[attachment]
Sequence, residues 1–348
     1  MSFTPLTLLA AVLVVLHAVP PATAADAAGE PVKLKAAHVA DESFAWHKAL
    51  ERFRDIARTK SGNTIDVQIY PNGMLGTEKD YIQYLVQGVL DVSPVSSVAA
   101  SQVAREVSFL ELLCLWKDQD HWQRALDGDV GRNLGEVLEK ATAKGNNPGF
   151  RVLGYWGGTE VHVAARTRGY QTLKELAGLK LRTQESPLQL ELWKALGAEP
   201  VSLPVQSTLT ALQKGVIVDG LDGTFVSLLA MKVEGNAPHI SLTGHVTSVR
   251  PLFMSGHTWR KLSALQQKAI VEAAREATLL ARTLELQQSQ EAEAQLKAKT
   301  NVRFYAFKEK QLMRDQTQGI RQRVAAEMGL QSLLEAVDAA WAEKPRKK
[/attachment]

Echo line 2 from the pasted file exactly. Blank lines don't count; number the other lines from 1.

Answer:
     1  MSFTPLTLLA AVLVVLHAVP PATAADAAGE PVKLKAAHVA DESFAWHKAL